The Results Are In!
Adolescence is a challenging time for girls. Self-confidence and physical activity levels drop while peer relationships become more complicated. Girls on the Run (GOTR) is a physical activity-based positive youth development (PA-PYD) program designed to enhance girls’ social, psychological and physical skills and behaviors to successfully navigate life experiences.
Leading youth-development expert Dr. Maureen Weiss, University of Minnesota, conducted an independent study to evaluate the effectiveness of Girls on the Run to promote positive outcomes. She compared GOTR participants to girls in the same grade who hadn’t participated in GOTR. In addition, she followed girls in GOTR from pre- to post-season to three months after the season to determine if season-long improvements were maintained after lessons ended.
The results were remarkable. Dr. Weiss’s study showed the program is effective in transforming in the lives of young girls, making an even stronger impact on girls who were lower in confidence and other important attributes at the start of the season. Ninety-seven percent of girls said they learned critical life skills in GOTR, including managing emotions, resolving conflict, helping others or making intentional decisions that they are using at home, at school and with their friends.
Compared to girls participating in organized sports and physical education, GOTR makes a stronger impact in teaching these life skills that will benefit them now and in the future.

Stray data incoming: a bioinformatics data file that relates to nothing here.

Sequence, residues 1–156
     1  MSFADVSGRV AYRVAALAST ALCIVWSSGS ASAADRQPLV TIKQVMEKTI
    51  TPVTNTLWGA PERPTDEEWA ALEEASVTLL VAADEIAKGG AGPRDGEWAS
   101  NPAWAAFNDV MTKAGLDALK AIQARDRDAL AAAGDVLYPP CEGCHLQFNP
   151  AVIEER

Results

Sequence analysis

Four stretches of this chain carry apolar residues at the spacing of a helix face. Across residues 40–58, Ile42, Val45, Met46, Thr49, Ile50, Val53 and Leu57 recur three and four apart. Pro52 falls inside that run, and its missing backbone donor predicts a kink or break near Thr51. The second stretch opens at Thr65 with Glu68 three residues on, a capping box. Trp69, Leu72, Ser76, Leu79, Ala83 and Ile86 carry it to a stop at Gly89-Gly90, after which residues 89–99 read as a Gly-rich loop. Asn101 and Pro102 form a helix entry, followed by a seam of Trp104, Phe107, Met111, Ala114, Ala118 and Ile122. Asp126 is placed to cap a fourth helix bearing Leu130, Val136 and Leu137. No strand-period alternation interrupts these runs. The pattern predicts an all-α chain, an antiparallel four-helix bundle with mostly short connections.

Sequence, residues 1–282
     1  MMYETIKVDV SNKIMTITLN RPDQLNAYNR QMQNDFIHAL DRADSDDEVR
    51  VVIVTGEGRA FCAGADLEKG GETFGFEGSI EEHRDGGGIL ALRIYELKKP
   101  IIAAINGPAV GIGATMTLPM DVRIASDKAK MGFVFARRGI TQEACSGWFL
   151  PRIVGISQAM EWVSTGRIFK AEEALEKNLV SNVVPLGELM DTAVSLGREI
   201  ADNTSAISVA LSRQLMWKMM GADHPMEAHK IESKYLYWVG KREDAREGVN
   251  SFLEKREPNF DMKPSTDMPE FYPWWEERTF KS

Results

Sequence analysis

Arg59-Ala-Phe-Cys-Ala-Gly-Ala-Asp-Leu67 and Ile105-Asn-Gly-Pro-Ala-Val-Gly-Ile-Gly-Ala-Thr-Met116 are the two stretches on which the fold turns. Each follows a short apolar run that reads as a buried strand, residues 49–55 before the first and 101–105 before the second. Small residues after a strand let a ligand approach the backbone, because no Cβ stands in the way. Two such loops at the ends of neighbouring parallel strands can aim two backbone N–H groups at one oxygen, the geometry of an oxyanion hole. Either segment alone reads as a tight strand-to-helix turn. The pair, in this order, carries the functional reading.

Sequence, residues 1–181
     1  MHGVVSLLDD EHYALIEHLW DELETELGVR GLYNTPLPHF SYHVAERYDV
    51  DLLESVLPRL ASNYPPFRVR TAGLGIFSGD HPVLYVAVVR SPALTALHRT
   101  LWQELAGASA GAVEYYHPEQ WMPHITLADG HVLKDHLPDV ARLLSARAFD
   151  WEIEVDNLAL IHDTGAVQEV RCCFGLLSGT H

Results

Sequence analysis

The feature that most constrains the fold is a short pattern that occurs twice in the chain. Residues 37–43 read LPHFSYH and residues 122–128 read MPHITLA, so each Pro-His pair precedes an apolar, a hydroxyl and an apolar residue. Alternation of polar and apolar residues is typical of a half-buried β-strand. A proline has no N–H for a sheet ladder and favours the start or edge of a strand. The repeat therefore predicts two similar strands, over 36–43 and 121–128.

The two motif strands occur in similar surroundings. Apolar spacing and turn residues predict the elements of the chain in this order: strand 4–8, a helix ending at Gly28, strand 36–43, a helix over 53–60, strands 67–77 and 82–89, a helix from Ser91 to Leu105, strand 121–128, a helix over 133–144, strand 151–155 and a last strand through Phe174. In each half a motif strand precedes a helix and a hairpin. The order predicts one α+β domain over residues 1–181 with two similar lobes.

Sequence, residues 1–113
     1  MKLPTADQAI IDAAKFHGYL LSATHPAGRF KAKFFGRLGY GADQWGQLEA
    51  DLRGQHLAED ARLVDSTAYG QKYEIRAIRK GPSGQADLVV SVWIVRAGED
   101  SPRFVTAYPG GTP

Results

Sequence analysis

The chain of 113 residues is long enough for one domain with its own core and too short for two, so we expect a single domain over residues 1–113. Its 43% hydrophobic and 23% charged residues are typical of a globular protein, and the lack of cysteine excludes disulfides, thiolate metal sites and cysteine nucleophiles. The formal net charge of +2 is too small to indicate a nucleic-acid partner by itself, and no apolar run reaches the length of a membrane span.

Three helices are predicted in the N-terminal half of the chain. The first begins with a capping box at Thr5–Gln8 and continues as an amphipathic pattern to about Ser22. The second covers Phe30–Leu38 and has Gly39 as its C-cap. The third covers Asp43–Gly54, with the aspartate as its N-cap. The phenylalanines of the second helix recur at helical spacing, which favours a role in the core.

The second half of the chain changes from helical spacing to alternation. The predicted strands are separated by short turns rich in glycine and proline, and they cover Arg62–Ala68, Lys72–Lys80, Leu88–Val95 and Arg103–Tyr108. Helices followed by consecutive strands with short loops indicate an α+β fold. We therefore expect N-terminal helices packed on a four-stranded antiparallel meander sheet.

National Evaluation: Program Efficacy Studied Since 2002
Complete information about the external study can be found in the summary report in this link.
In 2016, Dr. Maureen Weiss, University of Minnesota, conducted an independent study evaluating the impact of Girls on the Run (GOTR) on positive youth development. The findings provide strong evidence that GOTR has a positive impact on girls during the program and beyond, and makes a stronger impact than organized sports and school physical education in teaching life skills. The intentional life skills curriculum and coach training program are key to our impact and are exemplars for other youth programs.
There were two main study questions:
- Do GOTR participants differ from a comparison group of girls not in GOTR on developmental outcomes and life skills?
- Do GOTR participants show improvements from pre- to post-season on developmental outcomes and retain improvements three months after season’s end?
Study participants included third- through fifth-grade girls in GOTR and girls who had never participated in GOTR, matched by grade and school. Survey measures included the 5Cs, physical activity, and life skills transfer. Focus groups interviews with girls, coaches, parents/guardians, and school personnel delved into depth on life lessons and outcomes attained through participating in GOTR.
- GOTR girls compared favorably to non-GOTR girls on connection, caring, coach autonomy support, and life skills transfer;
- GOTR girls improved from pre- and/or post-season to follow-up on confidence and connection, and sustained ability to use life skills learned in GOTR from post-season to follow-up; and
- GOTR girls starting below the pre-season average made dramatic improvements on all developmental outcomes from pre- to post-season and in most cases from post-season to follow-up. Focus group findings complemented survey data and provided in-depth narrative on season-long improvements.
In summary, findings using a matched comparison group, a longitudinal design, and multiple methods provided strong evidence that GOTR is effective in promoting season-long and lasting improvement in developmental outcomes. The intentional life skills curriculum and comprehensive coach training offer strong explanations for findings of program impact and can serve as exemplars for other after-school programs.